Consider carrying +P loads for self-defense for any firearms that are rated for that cartridge. The +P is a cross between a standard cartridge load and a magnum load. It gives increased projectile velocity, better cutting power, and penetration. CAUTION: Be sure to CHECK that your firearm is rated for a +P load before you use it in that firearm. Also recognize that if a court battle emerges, the +P load might work against you for self-defense and be considered too aggressive and an “overkill.” Choose your caliber wisely. Check the handgun itself, especially revolvers, and look for the cartridge rating. Check your owner’s manual for +P rating for your firearms. Generally, older firearms are not rated for +P ammunition. Also, +P+ ammunition is available. I do not recommend it for carry. Your call. This ammunition is generally used for pistol-caliber carbines, specifically machine guns. I strongly recommend you do NOT use +P+ ammunition in your handgun unless you are certain that the gun is rated specifically for +P+ ammunition. Be certain your firearm is rated for whatever ammunition you use.
Also, I do NOT recommend hand loading self-defense carry ammunition. There are liability concerns should you have to use the ammunition in self-defense. Modern manufacturing techniques are so good that buying ammunition from a respected manufacturer with high quality-control and consistent standards is a much better choice. The handgun you spend so much money on to buy and train with for concealed carry is absolutely useless without effective ammunition. Spend a few dollars more and get the best ammunition to keep yourself and the people you love safe.
I mostly carry a 9mm and I know the round leaves the muzzle at 1200 feet per second and has a 124-grain +P bullet. For me, the increased bullet weight and muzzle velocity make the 9mm effective in personal defense. Recent studies conclude that among the various calibers (9mm, .40, and .45) there is not much difference in stopping power. Spaulding did a 2012 study to support this, as did Ellifritz. The statistics showed that the three calibers were very close in the number of rounds needed for incapacitation, with all three requiring almost 3 shots. Spaulding also concluded that the depths of penetration from one of these three calibers to another were very similar. He believes that while the .45 is a bigger bullet than the 9mm and has more potential to do more damage, there is more felt recoil in the .45 which affects accuracy and target hits. It was summarized that there is only about 15-18% more damage (as measured in small MMS) for the .45 over the 9mm and .40 calibers, which is not enough difference to make up for its poor shot placement. Recognize that personal skill is important here. Ellifritz’s study looked at over 1800 shootings and concluded that the average number of rounds for incapacitation was 2.08 for the .45; 2.36 for the .40; and 2.45 for the 9mm. All very close. Again, your decision.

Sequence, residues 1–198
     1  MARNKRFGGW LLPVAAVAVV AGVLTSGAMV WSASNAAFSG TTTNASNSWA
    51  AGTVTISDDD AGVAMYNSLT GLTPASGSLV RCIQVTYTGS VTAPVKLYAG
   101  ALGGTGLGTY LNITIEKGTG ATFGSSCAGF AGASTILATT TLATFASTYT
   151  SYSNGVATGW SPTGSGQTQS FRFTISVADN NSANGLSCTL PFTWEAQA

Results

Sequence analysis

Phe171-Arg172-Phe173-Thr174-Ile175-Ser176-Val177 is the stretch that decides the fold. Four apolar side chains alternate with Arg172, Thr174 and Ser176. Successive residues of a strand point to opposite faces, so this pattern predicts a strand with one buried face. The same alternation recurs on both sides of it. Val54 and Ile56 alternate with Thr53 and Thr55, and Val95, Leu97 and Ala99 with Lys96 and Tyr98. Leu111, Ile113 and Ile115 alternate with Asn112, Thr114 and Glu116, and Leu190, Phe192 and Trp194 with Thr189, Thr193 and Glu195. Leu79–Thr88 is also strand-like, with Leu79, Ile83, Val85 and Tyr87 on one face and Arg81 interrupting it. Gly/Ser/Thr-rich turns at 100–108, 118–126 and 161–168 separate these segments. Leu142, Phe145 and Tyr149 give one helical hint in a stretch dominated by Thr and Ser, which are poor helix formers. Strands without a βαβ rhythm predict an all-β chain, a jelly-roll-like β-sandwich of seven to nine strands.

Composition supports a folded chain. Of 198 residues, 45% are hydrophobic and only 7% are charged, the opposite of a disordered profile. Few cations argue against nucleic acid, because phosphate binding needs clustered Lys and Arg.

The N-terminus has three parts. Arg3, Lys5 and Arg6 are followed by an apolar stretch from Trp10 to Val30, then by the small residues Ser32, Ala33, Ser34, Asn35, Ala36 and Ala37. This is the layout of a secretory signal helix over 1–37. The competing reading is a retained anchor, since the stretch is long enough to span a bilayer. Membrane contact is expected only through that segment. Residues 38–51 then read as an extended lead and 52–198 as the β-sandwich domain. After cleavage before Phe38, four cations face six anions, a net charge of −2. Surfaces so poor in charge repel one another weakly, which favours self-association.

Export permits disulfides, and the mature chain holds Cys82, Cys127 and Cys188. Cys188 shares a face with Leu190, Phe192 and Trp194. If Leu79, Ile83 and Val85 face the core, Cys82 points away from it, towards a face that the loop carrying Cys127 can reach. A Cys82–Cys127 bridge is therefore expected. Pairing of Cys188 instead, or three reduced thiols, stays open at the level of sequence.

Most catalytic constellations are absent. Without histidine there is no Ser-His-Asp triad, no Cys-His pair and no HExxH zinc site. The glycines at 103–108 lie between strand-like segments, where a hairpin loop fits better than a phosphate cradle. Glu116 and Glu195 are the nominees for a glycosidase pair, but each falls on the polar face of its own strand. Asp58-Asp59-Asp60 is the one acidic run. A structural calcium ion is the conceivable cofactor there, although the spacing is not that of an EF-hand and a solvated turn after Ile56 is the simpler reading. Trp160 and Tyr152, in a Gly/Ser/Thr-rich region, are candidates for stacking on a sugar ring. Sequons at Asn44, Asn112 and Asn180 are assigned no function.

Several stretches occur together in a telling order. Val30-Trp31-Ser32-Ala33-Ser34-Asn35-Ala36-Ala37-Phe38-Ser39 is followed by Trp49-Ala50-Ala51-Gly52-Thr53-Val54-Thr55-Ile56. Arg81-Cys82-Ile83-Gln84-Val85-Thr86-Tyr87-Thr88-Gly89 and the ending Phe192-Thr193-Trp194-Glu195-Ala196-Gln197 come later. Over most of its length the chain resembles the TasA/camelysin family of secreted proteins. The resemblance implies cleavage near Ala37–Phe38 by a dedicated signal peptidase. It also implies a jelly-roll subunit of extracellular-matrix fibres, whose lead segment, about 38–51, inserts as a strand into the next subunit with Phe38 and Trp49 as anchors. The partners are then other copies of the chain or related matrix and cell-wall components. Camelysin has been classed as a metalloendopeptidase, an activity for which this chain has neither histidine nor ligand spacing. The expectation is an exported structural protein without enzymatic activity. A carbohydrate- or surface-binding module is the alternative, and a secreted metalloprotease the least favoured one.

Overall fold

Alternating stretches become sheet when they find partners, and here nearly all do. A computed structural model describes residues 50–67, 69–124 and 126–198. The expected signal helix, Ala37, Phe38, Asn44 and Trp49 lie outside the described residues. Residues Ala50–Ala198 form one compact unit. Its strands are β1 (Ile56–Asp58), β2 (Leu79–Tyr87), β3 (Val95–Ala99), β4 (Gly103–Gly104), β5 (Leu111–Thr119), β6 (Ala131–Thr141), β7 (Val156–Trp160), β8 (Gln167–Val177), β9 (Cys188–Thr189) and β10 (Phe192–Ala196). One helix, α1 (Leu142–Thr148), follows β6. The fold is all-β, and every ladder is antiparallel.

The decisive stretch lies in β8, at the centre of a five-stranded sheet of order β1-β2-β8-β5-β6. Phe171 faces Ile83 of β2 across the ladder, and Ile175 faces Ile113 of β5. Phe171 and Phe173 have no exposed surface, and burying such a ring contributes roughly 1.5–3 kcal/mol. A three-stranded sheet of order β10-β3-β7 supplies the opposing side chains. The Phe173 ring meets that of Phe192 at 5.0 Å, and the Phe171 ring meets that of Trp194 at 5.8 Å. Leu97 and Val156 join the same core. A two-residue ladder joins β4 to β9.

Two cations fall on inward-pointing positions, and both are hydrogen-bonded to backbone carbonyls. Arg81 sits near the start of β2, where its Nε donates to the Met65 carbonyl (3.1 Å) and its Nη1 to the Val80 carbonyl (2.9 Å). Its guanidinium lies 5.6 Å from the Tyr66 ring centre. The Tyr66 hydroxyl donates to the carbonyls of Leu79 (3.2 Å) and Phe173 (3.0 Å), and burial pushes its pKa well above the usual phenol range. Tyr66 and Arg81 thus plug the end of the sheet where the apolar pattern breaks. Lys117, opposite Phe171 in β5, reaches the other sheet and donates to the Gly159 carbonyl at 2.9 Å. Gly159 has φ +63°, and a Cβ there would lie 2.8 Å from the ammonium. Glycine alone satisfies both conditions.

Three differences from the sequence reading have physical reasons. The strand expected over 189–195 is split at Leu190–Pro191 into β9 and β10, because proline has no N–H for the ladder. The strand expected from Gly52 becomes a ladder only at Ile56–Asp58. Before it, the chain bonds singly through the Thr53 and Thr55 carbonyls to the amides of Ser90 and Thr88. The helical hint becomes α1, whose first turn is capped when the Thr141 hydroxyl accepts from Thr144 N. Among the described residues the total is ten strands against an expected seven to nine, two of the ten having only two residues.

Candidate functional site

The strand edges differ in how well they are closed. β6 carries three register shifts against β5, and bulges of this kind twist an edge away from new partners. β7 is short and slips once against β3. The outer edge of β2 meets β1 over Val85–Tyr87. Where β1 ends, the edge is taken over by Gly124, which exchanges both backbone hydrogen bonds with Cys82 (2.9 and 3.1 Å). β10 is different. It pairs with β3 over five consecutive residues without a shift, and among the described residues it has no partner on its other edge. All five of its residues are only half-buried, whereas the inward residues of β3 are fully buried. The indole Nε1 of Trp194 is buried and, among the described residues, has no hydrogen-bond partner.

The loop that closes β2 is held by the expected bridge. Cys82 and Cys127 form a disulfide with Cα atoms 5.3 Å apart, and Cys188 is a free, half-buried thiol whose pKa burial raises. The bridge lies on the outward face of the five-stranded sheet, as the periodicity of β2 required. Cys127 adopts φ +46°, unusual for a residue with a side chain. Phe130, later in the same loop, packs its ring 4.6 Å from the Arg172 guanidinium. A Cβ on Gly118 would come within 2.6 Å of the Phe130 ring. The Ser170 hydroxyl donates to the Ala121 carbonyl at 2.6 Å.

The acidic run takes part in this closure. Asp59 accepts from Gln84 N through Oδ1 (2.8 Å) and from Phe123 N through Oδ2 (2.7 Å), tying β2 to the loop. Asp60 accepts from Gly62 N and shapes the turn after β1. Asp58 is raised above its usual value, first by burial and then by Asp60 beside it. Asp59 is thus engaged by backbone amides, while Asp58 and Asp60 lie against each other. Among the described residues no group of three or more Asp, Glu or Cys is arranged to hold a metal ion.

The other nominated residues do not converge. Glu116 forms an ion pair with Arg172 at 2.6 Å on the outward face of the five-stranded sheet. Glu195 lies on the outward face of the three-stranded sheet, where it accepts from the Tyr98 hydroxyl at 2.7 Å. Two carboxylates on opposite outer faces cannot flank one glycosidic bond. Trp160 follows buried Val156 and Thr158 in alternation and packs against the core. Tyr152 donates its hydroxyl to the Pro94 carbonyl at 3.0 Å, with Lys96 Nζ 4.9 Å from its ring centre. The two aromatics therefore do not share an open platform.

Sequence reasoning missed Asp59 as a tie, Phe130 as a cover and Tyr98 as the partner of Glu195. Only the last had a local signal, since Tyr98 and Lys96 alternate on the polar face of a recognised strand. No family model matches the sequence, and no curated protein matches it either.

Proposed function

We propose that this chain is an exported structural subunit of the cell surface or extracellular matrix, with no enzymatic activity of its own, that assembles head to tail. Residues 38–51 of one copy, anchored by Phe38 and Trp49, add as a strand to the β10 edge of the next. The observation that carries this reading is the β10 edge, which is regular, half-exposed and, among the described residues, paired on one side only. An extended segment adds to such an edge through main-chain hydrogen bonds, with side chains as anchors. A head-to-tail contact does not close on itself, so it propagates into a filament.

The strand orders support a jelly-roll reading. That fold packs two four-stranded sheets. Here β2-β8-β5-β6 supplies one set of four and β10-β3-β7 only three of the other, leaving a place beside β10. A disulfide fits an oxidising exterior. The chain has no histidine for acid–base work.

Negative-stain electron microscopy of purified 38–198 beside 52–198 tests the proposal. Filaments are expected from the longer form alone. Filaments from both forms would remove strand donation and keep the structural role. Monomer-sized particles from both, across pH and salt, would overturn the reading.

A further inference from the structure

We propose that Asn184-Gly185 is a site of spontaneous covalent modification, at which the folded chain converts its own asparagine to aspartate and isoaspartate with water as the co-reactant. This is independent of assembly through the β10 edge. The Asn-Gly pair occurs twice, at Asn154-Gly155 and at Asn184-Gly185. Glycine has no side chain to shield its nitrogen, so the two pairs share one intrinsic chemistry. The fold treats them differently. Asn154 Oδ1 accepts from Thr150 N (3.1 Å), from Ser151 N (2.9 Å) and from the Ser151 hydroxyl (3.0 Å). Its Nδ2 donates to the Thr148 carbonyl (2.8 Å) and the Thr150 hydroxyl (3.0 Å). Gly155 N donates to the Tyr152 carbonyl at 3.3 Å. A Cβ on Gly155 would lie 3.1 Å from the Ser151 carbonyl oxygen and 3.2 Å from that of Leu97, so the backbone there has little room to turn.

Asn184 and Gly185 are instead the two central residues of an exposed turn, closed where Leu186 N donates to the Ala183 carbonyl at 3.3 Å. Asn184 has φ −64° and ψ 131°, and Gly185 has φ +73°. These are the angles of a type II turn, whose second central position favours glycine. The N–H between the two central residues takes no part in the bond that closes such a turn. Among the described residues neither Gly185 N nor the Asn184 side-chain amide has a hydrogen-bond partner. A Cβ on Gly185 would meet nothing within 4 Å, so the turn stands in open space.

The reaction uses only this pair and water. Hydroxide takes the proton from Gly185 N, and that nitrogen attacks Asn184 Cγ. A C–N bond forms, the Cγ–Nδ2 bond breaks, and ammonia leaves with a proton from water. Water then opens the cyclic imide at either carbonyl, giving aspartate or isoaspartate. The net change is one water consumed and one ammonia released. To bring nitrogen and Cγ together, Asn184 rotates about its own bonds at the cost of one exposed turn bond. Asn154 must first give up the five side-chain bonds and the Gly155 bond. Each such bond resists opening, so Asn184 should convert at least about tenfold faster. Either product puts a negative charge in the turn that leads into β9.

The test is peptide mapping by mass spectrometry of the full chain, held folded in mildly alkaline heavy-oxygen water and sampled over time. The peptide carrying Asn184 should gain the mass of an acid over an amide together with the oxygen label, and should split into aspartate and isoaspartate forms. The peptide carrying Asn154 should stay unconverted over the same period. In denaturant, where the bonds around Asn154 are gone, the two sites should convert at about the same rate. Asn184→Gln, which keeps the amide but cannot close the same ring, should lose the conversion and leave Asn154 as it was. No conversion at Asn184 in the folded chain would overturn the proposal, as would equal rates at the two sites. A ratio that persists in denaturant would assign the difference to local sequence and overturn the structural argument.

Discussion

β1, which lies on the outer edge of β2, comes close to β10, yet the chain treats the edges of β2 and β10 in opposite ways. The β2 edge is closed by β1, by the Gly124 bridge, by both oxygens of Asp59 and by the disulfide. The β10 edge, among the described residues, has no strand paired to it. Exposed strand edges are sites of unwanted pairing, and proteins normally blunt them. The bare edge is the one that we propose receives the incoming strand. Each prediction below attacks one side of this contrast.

To me, a gun and ammo are tools and equipment and not as important as the shooter’s ability to be consistently ACCURATE with whatever gun or round is chosen. Penetration and the Permanent wound Cavity or Hole made are very important factors in incapacitation. Both Penetration and Expansion are critical factors for self-defense and for carry purposes. For effectiveness, there should be a minimum Penetration of 12 inches for the ammunition chosen. For self-defense purposes, a large Permanent Cavity with big Holes enables more bleeding for quicker incapacitation. ALL bullets, even Hollowpoints and even the same brand from any manufacturer, Expand differently with different Temporary wound Cavities. Usually, a bullet with much Expansion capability does not have as much Penetration and is generally preferred for concealed carry, but be aware of legal liability and court interpretations. Fragmenting bullets are designed to prevent over-Penetration and may not Penetrate adequately for self-defense, concealed carry purposes. Bullets and cartridges of the same weight or grain may perform very differently. Generally, bullets that expand less almost always Penetrate deeper. Your ability to maintain consistent and accurate shot placement is far more important than the “stopping power” of any particular caliber. Handgun studies overall do not report a much statistical difference in “stopping power” between 9mm, .40, and .45 ACP cartridges, as long as quality HP ammo is used. Generally, I recommend the 9mm as the best all-around caliber for concealed carry licensees, but with HP ammo, +P load, and 124 grain weight. Again, your abilities, skills, accuracy and shot placement are more important than caliber chosen. There could be a legal liability court concern in the event of a carry self-defense situation and the ammo and caliber you choose. Consider the many variables presented above to make YOUR caliber decision logically and rationally for the sake of your life.